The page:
Dear Gordon Ramsay,
I see on the BBC website that you've had some difficulty finding women who cook. I have no idea why you'd want to, since it's high time women found their way into the boardroom instead of the kitchen, but you seem to have been searching:
"I've been visiting ladies' houses up and down the country with our film crew and you would be amazed how little cooking the girls are doing," the chef said ahead of the launch of his latest television show.
One problem may be that you were looking for "girls" who cook; my daughter is too busy running track, playing basketball, and studying for her pre-calc tests to spend much time in the kitchen, but she did bake a batch of chocolate chip cookies to raise money for her Model UN team. I suspect other girls are equally busy, yet, if pressed, could handle a spatula every bit as well as the lads.
Likewise, many of the "ladies" I know are too busy banging away at the glass ceiling to spend much time in the kitchen; that's why I'm glad there are strong men like you who are willing to feed us when we get home from a tough day at the office.
Still, I am troubled by this observation:
"Seriously, there are huge numbers of young women out there who know how to mix cocktails but can't cook to save their lives, whereas men are finding their way into the kitchen in ever growing numbers.
"Trust me, I am only telling you what I have discovered."
You need to put down your mini-torch and get out more. Why, just last night I tossed together soup from scratch, without even one of your recipes to guide me! No cocktails though; I ordered my husband to open a bottle of wine. I served it with some leftover risotto, again, made from scratch using the fresh veg in my fridge—fennel, green beans, artichoke hearts. (Sorry, I didn't write down the recipe, but I could probably whip it up for you if you're interested.) And every Wednesday I post recipes here on my blog; maybe you and those legions of cooking men could get some ideas on how to feed a real woman. (Hint: tofu is the new white meat.)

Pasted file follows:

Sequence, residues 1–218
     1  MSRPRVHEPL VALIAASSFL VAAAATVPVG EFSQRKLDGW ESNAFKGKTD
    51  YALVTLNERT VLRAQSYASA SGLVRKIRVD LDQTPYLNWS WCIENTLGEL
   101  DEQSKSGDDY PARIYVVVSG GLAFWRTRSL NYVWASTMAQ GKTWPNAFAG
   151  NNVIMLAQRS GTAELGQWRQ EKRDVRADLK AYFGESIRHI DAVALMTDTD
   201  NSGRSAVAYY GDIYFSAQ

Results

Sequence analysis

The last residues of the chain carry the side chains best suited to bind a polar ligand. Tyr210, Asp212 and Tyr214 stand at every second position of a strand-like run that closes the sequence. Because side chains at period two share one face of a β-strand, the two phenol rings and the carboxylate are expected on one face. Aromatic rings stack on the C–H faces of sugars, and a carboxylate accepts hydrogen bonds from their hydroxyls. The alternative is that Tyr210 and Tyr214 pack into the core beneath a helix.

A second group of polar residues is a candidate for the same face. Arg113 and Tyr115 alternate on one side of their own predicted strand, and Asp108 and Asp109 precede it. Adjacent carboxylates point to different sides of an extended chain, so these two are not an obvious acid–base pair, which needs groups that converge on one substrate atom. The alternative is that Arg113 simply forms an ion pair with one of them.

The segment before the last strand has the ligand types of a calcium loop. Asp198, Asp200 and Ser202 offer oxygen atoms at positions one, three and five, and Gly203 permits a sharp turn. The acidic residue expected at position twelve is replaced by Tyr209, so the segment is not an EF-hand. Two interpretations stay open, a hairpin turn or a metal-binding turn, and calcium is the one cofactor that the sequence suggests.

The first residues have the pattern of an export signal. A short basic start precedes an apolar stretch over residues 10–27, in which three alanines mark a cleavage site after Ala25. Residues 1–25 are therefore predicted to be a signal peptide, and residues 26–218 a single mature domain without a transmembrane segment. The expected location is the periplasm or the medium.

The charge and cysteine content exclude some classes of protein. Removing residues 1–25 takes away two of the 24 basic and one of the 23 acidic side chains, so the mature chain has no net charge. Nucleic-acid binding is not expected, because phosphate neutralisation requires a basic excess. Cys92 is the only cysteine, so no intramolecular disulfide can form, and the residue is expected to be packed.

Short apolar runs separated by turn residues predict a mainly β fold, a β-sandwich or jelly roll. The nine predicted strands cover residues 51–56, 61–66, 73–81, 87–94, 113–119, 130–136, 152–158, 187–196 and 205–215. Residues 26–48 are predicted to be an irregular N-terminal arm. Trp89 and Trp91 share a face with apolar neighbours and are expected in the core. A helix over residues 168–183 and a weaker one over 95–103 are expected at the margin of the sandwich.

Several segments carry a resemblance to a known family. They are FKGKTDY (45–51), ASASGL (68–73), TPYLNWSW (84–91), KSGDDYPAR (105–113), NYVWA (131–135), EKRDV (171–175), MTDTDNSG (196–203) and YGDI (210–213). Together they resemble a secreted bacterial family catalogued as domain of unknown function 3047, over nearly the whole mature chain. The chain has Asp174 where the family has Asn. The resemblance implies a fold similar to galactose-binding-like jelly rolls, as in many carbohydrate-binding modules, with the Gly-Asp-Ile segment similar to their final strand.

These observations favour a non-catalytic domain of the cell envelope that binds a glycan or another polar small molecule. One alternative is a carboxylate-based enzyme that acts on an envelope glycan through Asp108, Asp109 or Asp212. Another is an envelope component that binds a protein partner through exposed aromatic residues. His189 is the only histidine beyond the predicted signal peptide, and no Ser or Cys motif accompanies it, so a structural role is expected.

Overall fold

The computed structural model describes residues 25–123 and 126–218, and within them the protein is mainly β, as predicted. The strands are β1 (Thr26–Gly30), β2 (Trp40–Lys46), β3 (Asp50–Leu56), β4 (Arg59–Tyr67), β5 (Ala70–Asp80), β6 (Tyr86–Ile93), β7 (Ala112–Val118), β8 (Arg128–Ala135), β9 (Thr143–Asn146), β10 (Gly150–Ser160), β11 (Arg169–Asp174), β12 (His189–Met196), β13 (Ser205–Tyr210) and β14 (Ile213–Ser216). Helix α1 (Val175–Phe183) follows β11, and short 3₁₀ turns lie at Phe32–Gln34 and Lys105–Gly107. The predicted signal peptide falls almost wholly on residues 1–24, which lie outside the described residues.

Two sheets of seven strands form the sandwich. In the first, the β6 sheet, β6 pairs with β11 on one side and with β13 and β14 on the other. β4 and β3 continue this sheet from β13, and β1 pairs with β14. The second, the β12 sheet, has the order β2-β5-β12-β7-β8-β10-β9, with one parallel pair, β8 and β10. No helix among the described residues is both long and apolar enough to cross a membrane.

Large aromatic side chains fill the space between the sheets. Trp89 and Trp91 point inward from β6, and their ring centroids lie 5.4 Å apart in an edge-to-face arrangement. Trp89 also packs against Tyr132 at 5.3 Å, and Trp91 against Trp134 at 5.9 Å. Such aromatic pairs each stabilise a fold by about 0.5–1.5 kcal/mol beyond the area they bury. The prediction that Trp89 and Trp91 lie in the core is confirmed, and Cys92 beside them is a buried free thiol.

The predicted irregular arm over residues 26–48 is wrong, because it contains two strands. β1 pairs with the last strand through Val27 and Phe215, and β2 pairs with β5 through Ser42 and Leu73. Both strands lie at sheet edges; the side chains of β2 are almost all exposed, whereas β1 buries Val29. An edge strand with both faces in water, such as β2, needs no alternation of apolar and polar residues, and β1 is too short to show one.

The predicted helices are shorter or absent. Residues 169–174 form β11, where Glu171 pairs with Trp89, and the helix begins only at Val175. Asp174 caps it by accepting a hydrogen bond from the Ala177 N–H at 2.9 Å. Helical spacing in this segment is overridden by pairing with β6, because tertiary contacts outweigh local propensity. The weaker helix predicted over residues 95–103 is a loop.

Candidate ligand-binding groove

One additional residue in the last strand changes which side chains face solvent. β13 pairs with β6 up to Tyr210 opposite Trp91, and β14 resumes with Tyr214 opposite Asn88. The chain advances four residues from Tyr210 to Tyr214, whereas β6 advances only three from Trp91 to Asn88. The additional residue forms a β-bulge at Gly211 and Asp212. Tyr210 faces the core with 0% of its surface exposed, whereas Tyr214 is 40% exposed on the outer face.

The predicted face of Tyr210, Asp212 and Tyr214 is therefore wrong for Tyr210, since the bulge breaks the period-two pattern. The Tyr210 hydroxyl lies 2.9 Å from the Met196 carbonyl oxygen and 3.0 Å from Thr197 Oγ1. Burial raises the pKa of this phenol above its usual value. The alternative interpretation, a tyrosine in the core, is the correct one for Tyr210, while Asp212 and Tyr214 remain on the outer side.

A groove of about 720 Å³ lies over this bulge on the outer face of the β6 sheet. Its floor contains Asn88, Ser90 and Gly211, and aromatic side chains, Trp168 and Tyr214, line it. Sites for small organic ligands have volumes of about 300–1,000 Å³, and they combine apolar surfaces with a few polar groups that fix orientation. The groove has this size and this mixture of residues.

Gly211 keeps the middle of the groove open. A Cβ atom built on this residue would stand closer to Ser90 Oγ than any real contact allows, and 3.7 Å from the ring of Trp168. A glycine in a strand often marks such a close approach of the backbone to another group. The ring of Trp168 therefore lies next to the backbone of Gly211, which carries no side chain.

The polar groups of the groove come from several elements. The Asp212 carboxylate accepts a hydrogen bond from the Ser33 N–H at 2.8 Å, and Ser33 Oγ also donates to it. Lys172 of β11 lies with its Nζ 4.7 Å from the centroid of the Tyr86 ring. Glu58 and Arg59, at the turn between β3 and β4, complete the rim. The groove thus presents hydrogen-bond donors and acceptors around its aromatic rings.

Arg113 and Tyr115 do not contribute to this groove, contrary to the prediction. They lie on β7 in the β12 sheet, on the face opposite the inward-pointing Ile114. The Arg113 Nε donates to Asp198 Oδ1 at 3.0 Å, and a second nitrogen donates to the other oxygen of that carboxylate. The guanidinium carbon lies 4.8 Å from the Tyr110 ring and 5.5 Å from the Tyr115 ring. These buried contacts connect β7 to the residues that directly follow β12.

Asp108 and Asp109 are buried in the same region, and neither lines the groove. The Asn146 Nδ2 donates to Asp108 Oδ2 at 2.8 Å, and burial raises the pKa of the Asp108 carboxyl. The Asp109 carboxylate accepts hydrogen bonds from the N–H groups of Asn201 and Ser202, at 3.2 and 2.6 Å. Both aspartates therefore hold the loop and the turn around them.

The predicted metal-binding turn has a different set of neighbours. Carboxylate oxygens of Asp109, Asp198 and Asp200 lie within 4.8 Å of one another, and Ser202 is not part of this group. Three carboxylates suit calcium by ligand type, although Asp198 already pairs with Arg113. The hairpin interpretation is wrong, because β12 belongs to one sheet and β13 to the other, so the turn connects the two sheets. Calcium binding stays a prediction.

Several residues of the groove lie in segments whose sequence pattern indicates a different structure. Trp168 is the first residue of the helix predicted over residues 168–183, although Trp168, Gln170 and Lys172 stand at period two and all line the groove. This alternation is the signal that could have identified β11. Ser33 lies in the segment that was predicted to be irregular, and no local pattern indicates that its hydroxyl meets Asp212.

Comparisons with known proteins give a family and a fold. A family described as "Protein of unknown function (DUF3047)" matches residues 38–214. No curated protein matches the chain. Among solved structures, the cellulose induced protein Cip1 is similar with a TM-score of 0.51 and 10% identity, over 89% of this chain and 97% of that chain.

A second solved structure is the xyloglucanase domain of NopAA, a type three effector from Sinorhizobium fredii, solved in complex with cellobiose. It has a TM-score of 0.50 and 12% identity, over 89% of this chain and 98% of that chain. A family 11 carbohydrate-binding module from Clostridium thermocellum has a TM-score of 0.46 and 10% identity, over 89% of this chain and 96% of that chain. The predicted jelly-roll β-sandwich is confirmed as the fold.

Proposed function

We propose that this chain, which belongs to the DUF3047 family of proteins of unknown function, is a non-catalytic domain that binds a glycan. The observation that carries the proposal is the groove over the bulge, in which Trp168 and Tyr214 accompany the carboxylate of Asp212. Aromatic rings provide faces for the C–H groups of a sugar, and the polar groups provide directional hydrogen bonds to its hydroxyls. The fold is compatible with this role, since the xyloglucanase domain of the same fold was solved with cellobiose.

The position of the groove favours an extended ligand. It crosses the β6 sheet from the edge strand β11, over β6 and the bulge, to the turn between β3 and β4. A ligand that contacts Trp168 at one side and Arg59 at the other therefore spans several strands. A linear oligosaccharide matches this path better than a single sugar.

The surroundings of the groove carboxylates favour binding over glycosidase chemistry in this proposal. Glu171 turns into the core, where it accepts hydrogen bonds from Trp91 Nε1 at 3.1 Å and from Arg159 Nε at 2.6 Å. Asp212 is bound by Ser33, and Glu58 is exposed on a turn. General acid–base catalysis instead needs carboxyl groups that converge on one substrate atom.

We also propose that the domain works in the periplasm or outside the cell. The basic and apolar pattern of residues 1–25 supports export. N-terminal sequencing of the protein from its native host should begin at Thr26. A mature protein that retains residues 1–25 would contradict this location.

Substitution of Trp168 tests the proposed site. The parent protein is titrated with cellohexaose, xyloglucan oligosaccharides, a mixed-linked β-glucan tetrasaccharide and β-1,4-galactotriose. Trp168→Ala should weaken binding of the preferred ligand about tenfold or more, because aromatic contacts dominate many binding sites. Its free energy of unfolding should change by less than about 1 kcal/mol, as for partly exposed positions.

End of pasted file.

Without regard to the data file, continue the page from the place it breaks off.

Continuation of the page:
I am (sadly!) by no means an exception. The other night I was invited to dinner (by a woman who wasn't even trying to "save her life") and was served a fine meal of pasta with marinara, grilled eggplant, marinated leeks, and a couple of salads; plus she'd grilled some salmon. I didn't see a tin or a box in sight, nor one of your cookbooks. I do trust you, though—I'm sure you rarely let that misogyny cloud your vision.
However, I am a little concerned about these men you say are "finding their way into the kitchen". Remember, the kitchen is not a play area; Sardines on Toast Sorbet is not actual food. If this trend continues, I fear for our tastebuds. Perhaps you should use your influence to halt experiments of this type among your fellow mates. There are plenty of convenience foods available at Waitrose now; no need to serve snail porridge to the missus after she's put in a full day at the office.
So, you and your film crew are welcome to stop in any time as you trek across the country. You'll be starved, and "pastilla of pigeon leg, pistachio, cocoa and quatre épices" won't really do, now will it? (You can invite Heston, too. He might appreciate a decent meal, though I won't promise cocktails.)
But please, leave your misogyny at the door. Otherwise I can't be responsible for where my melon baller ends up.